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Scott Perry

U.S. Rep. Scott Perry (R-Pa.) speaks during a news conference with members of the House Freedom Caucus outside the U.S. Capitol on February 28, 2022 in Washington, D.C. (Photo: Drew Angerer/Getty Images)

'Who Were They?' Jan. 6 Panel to Name Republicans Who Sought Pardons From Trump

After Rep. Liz Cheney accused Rep. Scott Perry of requesting a pardon—which he denied—one critic said the alleged move indicates he "knew that his actions ran counter to his constitutional duty."

Jessica Corbett

"Ok, we know Scott Perry. Who were the other members of Congress who asked Trump for a pardon?"

"We look forward to all participants in this insurrection being held accountable."

That's what the watchdog group Citizens for Responsibility and Ethics in Washington (CREW) and others wanted to know after U.S. Rep. Liz Cheney (R-Wyo.) said Thursday night that the Pennsylvania Republican was among multiple GOP members of Congress who sought a pardon from then-President Donald Trump early last year.

"Rep. Scott Perry… has refused to testify here," said Cheney, vice chair of the U.S. House Select Committee to Investigate the January 6th Attack on the United States Capitol, during the panel's public prime-time hearing.

"As you will see, Rep. Perry contacted the White House in the weeks after January 6 to seek a presidential pardon," Cheney continued. "Multiple other Republican congressmen also sought presidential pardons for their roles in attempting to overturn the 2020 election."

Perry claimed Friday that "the notion that I ever sought a presidential pardon for myself or other members of Congress is an absolute, shameless, and soulless lie."

Meanwhile, Common Cause Pennsylvania executive director Khalif Ali said Friday morning that "we are deeply concerned by Vice Chair Cheney's statement" and "voters deserve to have elected officials who respect our votes, regardless of the outcome."

Ali continued:

What we have seen, since the November 2020 election, indicates that Rep. Perry and others acted to force the election outcome they wanted—rather than accept the decision made by voters.

The rule of law must apply to everyone. We look forward to hearing more from the select committee about their evidence that Rep. Perry sought a preemptive presidential pardon. Seeking a pardon is not a step taken lightly and indicates that Rep. Perry knew that his actions ran counter to his constitutional duty.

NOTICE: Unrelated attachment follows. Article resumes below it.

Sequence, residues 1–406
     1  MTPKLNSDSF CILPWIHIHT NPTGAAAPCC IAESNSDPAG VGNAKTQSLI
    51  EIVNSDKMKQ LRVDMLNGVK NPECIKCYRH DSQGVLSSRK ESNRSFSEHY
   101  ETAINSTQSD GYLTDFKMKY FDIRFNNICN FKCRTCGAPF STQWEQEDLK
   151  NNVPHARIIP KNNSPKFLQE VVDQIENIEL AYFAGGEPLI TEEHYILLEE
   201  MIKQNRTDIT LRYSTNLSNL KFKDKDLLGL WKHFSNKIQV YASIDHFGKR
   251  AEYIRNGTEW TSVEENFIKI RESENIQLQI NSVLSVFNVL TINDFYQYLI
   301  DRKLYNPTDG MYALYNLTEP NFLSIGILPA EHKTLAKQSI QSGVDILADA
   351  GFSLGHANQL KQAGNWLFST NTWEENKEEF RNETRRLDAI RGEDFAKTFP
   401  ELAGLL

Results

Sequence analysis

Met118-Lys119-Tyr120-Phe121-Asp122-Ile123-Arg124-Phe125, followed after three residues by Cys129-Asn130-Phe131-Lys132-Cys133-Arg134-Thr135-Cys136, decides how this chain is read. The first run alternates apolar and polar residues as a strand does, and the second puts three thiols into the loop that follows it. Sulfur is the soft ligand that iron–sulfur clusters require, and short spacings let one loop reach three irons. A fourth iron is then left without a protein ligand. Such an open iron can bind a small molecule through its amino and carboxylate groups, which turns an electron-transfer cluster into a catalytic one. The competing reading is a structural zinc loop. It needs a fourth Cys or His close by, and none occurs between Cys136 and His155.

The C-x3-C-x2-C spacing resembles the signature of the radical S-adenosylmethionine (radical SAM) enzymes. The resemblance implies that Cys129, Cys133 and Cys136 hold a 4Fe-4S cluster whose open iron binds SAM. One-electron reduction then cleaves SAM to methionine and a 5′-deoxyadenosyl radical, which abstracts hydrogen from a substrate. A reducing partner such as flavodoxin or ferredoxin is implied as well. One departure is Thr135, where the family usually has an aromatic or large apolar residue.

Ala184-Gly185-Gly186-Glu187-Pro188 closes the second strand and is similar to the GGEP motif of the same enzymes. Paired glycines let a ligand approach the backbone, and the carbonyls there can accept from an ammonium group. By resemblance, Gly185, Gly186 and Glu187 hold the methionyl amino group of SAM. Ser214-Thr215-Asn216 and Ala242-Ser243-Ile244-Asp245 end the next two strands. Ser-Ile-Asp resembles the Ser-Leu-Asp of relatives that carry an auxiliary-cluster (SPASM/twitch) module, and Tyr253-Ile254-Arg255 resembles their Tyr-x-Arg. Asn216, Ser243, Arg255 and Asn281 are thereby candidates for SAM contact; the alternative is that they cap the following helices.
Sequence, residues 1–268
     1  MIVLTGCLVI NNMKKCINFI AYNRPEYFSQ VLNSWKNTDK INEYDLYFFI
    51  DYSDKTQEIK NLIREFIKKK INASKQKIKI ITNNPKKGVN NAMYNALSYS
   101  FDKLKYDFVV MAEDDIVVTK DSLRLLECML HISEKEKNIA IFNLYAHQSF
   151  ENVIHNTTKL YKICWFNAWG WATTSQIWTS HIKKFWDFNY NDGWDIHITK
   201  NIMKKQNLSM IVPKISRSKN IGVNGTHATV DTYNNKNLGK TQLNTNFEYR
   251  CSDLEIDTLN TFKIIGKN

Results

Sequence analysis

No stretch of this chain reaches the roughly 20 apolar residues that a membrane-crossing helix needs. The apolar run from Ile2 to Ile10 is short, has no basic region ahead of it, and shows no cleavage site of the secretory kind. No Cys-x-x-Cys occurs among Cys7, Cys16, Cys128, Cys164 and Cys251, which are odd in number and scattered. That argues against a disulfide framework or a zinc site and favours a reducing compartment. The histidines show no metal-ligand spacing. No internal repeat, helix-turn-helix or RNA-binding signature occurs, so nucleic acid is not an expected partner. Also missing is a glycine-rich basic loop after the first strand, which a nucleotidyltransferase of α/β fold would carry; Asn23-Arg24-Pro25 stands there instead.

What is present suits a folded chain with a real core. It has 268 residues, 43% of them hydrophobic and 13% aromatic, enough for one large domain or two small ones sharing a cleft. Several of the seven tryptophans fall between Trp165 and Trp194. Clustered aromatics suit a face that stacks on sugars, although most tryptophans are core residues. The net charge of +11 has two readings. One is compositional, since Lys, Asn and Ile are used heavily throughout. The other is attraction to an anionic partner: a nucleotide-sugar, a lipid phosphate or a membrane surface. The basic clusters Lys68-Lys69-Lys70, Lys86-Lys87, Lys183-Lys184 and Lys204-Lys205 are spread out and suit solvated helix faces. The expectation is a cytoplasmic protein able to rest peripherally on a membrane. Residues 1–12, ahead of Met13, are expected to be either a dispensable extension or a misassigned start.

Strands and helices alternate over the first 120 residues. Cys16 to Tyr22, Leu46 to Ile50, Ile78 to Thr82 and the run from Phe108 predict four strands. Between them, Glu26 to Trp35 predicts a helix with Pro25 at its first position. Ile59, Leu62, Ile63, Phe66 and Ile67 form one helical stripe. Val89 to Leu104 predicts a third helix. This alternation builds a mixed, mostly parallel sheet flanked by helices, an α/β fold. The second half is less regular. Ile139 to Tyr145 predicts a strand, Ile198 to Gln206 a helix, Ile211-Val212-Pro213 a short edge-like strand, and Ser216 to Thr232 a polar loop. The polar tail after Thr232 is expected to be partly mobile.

"We appreciate the diligence with which the select committee has been conducting its investigation," he added. "We look forward to all participants in this insurrection being held accountable."

Cheney's statement comes after CNN reported just before Trump left office last year that his legal advisers had warned him that "pardons for Republican lawmakers who had sought them for their role in the Capitol insurrection would anger the very Senate Republicans who will determine his fate" in his historic second impeachment trial.

The committee chair, Rep. Bennie Thompson (D-Miss.), confirmed to CNN chief congressional correspondent Manu Raju after the hearing Thursday that "we have documentation" of multiple Republicans who sought pardons from Trump and "that will come out in our hearings."

Another member of the nine-person panel, Rep. Jamie Raskin (D-Md.), told Raju that "it's hard to find a more explicit statement of consciousness of guilt than looking for a pardon for actions you've just taken, assisting in a plan to overthrow the results of a presidential election."

Rep. Mondaire Jones (D-N.Y.), who is not on the committee, declared Friday that "House Republicans lobbied for presidential pardons after January 6th because they were complicit in an attempt to violently overthrow the U.S. government."

In a series of tweets late Thursday and early Friday, Rep. Alexandria Ocasio-Cortez (D-N.Y.) asked the House GOP—and some specific members—if they asked Trump for pardons.

Ocasio-Cortez specifically took aim at GOP Reps. Lauren Boebert (Colo.), Andrew Clyde (Ga.), Matt Gaetz (Fla.), Paul Gosar (Ariz.), Marjorie Taylor Greene (Ga.), and Jim Jordan (R-Ohio). She was also among several Democrats who confirmed that they had not requested a pardon from the former Republican president.

"Ok I will start. I didn't ask for a pardon," Sen. Brian Schatz (D-Hawaii) tweeted late Thursday. "I am not kidding about this. Every single member should answer this simple question."

Rep. Gerry Connolly (D-Va.) responded that "I'll get this ball rolling on the House side. I didn't ask for a pardon."

Democrats who posted similar comments on social media in the wake of Thursday's hearing include Reps. Alma Adams (N.C.), Sean Casten (Ill.), Jesús "Chuy" García (Ill.), Barbara Lee (Calif.), Eleanor Holmes Norton (D.C.), Chellie Pingree (Maine), Mark Pocan (Wis.), Mike Quigley (Ill.), Mary Gay Scanlon (Pa.), Juan Vargas (Calif.), Bonnie Watson Coleman (N.J.), and Nikema Williams (Ga.).

The committee's next two hearings are scheduled for 10:00 am ET on Monday, June 13 and Wednesday, June 15.

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